Daugherty said he is curious to see whether or not House Bill 1001 is officially passed by the state legislature because of such controversy. He also related differences in COVID-19 policy decisions to larger divisions between Democrats and Republicans.
“There is still a lot of trust in institutions, for those that self-identify as Democrats versus within Republicans,” Daugherty said. “They have mistrust, which has been very rampant, and that kind of fits in also with the individual ethic that we’ve seen with, in this case, now, resistance to vaccines.”
Stobart said House Bill 1001 requires a lot of action on behalf of employers who would like to require vaccination, especially for those who provide healthcare for employees. If passed, employers would have to allow exemptions, some of which include opting out for religious or medical reasons and agreeing to submit negative testing paid for by the employer.
Gill said she sees House Bill 1001 as infringing on the rights of business owners rather than expanding the rights of employees, reflecting opinions of portions of the business community.
“I think that any business should have full control over their employees, because then they’re just losing their right to function as a business,” Gill said.
Stobart said he thinks House Bill 1001 should be considered in terms of ramification for the full population of Indiana rather than individual Hoosiers.
“I think the first thing we need to do is step away from politics and step away from the individual feelings when we might have it,” Stobart said. “Think about our population.”
Veronica Vernon, assistant professor of pharmacy practice, was at the Statehouse to discuss House Bill 1001 on Jan. 12 and told the Collegian via email she also sees this legislation as being about protecting the whole community.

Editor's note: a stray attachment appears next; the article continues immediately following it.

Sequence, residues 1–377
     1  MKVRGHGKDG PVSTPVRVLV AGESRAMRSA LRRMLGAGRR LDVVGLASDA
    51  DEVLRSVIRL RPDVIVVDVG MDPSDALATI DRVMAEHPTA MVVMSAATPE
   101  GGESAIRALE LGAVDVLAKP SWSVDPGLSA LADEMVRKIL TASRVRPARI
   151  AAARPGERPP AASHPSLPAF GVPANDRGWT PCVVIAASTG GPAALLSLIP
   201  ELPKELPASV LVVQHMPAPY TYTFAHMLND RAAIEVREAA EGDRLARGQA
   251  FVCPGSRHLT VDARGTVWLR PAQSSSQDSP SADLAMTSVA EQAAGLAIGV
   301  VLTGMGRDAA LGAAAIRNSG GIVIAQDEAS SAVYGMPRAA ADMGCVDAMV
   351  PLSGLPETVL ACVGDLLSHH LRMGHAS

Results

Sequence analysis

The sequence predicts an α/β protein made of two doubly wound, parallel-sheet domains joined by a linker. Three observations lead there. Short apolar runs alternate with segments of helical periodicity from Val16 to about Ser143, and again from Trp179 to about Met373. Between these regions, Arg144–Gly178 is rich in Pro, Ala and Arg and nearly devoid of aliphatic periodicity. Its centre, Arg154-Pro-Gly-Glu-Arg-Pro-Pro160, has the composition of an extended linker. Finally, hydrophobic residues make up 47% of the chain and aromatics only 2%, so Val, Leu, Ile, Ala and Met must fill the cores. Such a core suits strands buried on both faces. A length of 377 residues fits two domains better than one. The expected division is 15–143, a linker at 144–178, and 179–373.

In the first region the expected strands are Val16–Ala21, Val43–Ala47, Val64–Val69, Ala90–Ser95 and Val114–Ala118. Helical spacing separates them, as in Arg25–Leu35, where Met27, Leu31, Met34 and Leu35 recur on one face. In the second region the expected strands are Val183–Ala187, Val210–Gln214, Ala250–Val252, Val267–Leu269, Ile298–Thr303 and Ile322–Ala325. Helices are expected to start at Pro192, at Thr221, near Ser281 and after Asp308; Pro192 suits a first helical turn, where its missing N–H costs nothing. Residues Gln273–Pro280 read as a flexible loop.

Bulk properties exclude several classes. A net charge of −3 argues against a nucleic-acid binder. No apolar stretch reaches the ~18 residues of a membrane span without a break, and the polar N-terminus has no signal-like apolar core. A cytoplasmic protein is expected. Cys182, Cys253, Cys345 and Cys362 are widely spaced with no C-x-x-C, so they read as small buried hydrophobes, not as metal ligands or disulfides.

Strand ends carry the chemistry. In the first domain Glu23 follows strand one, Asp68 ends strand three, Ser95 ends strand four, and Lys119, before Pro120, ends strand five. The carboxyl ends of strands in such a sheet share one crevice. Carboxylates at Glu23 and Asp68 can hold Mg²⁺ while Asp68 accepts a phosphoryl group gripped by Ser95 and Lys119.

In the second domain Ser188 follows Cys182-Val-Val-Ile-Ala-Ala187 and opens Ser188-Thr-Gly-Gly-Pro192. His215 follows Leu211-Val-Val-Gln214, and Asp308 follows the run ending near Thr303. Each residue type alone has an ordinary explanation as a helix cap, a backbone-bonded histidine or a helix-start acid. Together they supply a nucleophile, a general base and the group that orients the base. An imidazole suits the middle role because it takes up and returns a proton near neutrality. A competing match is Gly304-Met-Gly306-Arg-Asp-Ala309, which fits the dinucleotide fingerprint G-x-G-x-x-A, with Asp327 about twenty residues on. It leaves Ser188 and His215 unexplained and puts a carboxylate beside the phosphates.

“Misinformation and disinformation are running rampant today,” Vernon said. “We need to focus on taking steps to protect each other and decrease the burden on our healthcare system at this time.”
Research into the effectiveness of vaccine mandates in any sort of institution has demonstrated an increase in vaccination rates in correlation with such policy.
Gill agreed with those who argue limitations on vaccine mandates will result in stagnant vaccination numbers.
“If we are not mandating something, then people who are against [the vaccine], or let’s say, they’re in the middle, they don’t know what to do: get the vaccine or not,” Gill said.
Both Gill and Stobart said they see vaccine mandates as particularly important for businesses in the healthcare industry. They said their concern lies in exposing patients, who are already compromised in terms of health-status, to COVID-19.
“How bad is it going to have to get?” Stobart said. “We want to talk about freedoms. Well, when we get to the point where there’s no hospital space left, you’ve lost your freedom of having yourself treated for a disease when there’s no one to treat you. That’s the reality.”